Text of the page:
:: home :: news :: our work :: us :: contact

Seeing the light

by Dominic Bradbury

Telegraph Magazine, 12 June 2004

'A barn no one else would touch with a bargepole became a weekend haven of light and space for a London family.'

See also:

Other articles about this project:

  • 'Samy Barn'. Featured project in 'Barns', Conran Octopus, 2004, by Dominic Bradbury, Mark Luscombe-Whyte.

'For Catherine and Richard Samy and their two daughters, India and Sky, it's a life of town and country. In the working week they squeeze into a small flat in central London. But at weekends and holidays they head up the A12 to suffolk and their converted barn not far from the coast, where they have all the space they could ever need. Space to roam the gardens and fields , for friends and family to come to stay. Space for India, aged five, and Sky, four, to ride their bicycles around the dramatic glass atrium at the heart of the barn when it's raining.

'Getting it right was a long time coming for the Samys. Drawn by the charms of Southwold and Aldeburgh, they began by renting a weekend place in Suffolk. Only later did they decide to buy somewhere of their own. After considering building a house from scratch somewhere near the coast, they soon realised that planning restrictions would make it difficult or impossible if they wanted a greenfield location. More than anything, they wanted to create a contemporary space within the shell of something old. So seven years ago they started hunting for barns, looking for something they could convert and shape to their own needs and lifestyle.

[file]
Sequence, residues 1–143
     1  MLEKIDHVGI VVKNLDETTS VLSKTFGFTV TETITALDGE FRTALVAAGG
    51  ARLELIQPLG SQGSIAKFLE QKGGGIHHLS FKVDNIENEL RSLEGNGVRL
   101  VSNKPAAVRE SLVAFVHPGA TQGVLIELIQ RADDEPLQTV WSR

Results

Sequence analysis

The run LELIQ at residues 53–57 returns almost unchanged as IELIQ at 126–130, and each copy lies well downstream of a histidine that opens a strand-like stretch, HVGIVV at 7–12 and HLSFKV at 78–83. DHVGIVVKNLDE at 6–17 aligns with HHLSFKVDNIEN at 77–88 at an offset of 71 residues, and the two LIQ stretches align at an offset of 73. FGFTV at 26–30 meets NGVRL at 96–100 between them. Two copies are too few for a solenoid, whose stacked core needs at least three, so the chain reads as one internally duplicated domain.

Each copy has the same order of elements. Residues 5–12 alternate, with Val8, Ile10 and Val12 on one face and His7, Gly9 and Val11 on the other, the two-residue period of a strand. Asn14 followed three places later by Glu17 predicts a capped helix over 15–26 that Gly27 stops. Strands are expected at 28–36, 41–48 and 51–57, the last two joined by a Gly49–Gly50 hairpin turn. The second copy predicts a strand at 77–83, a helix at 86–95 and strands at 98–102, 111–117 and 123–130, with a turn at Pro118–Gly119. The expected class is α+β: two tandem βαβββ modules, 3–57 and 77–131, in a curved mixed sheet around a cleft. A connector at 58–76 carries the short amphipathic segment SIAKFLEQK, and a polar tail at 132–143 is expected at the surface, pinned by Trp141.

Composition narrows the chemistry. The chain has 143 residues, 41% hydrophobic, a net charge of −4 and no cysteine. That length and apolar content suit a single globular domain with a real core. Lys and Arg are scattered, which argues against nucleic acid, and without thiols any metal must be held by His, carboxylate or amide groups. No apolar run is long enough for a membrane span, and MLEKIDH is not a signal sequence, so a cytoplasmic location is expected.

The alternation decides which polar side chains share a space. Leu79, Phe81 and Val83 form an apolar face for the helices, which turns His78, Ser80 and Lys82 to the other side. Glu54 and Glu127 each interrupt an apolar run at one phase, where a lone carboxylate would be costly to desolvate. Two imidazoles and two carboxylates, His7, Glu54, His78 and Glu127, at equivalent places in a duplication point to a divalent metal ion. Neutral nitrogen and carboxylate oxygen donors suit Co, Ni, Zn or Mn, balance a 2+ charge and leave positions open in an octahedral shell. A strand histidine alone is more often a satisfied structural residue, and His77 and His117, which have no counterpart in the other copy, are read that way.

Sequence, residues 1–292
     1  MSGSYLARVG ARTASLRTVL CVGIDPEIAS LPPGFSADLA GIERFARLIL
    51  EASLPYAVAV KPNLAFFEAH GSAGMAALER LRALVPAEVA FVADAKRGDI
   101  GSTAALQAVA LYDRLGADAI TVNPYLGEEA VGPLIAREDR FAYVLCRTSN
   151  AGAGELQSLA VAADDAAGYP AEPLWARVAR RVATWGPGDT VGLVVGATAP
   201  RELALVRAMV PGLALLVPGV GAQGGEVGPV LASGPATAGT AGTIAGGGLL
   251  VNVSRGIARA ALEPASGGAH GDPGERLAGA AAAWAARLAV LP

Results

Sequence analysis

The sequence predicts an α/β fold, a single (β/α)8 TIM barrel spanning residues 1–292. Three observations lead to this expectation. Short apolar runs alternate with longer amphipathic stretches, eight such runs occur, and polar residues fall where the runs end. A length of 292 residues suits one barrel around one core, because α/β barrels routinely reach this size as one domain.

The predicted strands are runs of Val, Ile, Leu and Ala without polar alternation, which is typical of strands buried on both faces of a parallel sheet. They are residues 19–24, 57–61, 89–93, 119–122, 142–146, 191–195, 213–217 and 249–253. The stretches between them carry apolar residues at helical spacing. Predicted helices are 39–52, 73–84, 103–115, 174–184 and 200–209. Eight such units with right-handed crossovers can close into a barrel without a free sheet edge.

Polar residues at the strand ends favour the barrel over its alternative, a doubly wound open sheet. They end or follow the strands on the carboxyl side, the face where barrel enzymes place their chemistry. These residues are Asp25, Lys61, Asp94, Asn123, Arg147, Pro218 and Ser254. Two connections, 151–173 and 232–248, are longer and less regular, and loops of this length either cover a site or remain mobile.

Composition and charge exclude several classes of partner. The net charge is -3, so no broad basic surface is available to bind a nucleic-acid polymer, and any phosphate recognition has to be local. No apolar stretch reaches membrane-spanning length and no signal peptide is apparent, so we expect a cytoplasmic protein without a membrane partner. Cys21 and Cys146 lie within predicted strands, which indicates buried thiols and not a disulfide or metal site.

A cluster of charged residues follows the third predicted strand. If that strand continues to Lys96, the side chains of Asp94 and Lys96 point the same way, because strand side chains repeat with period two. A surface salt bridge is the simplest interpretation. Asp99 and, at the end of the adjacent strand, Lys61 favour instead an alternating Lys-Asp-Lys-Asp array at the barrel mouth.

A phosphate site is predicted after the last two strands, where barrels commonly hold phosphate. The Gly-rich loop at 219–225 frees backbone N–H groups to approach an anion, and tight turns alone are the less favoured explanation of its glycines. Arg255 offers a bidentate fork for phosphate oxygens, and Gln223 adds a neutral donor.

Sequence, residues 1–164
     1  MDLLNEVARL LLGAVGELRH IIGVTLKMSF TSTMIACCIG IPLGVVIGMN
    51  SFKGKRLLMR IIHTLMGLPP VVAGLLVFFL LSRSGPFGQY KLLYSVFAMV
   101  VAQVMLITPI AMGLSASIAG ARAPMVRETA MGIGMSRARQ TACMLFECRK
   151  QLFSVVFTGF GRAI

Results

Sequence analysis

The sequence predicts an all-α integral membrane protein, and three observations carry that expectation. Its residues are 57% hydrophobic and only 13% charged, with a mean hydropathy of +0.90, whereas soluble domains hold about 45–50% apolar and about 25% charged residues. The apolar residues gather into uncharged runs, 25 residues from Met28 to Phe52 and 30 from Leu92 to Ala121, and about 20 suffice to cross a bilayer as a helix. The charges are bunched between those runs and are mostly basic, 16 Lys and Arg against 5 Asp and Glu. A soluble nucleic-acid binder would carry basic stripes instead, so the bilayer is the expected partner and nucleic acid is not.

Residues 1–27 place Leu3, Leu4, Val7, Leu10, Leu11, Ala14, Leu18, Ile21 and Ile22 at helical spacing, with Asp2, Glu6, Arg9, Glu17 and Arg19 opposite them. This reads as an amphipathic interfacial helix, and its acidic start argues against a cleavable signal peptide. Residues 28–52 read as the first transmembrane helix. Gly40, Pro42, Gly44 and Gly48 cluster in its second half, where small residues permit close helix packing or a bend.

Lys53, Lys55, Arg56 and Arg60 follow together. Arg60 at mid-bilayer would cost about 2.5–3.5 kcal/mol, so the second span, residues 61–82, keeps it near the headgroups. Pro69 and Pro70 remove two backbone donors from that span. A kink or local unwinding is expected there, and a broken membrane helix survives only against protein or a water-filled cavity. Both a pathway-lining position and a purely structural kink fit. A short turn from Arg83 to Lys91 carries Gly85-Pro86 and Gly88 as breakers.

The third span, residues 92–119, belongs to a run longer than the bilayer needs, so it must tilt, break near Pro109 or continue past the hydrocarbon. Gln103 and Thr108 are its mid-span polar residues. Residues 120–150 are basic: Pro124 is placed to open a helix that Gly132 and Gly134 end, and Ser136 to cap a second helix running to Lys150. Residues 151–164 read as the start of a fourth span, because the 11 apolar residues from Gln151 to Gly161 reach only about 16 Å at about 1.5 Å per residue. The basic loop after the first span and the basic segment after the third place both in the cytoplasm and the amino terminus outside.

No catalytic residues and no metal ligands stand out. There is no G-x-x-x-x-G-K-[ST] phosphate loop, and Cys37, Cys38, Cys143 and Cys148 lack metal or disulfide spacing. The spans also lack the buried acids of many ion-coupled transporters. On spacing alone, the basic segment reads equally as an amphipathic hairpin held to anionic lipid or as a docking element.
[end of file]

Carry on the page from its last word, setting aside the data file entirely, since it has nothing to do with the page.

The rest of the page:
'"We'd driven along this road so many times, noticing this huge barn in the distance across the fields," Catherine explains. "It was perfect but we assumed it belonged to the house next door to it. One day Richard went into an estate agents and asked if they had any agricultural buildings. Two minutes later he ran out waving this piece of paper and saying, 'You won't believe this.'"

'The triple-height, 16th-century barn had seen better days. The Samys found a bedraggled-looking building with a rusting corrugated iron roof, timbers hanging off and trees growing out of it. "I imagine people took one look and said they wouldn't touch it with a bargepole," Catherine says. "But when we went in through the old cart doors and looked up, it was like this huge upturned ship. It was beautiful."

'Luckily, the listed frame was in good condition. The surveyors also found that the barn was sitting on solid, Tudor brick footings, suggesting that a manor house might once have stood on the site. As the barn had been used mostly for storing crops, there were two giant sets of doors on either side to let carts pass through as they dropped off their loads. In Victorian times, one end had been sectioned off with a timber partition wall and divided into two levels, animals below and hayloft above.

'The building had outline planning permission for two homes, which would have destroyed its character. Fortunately, the Samys began working the architect Geoff Pyle of Pyle Boyd Architects, and his associate, Ben Kilburn, on a new scheme that would preserve the barn's unity and character as one large, light, family home.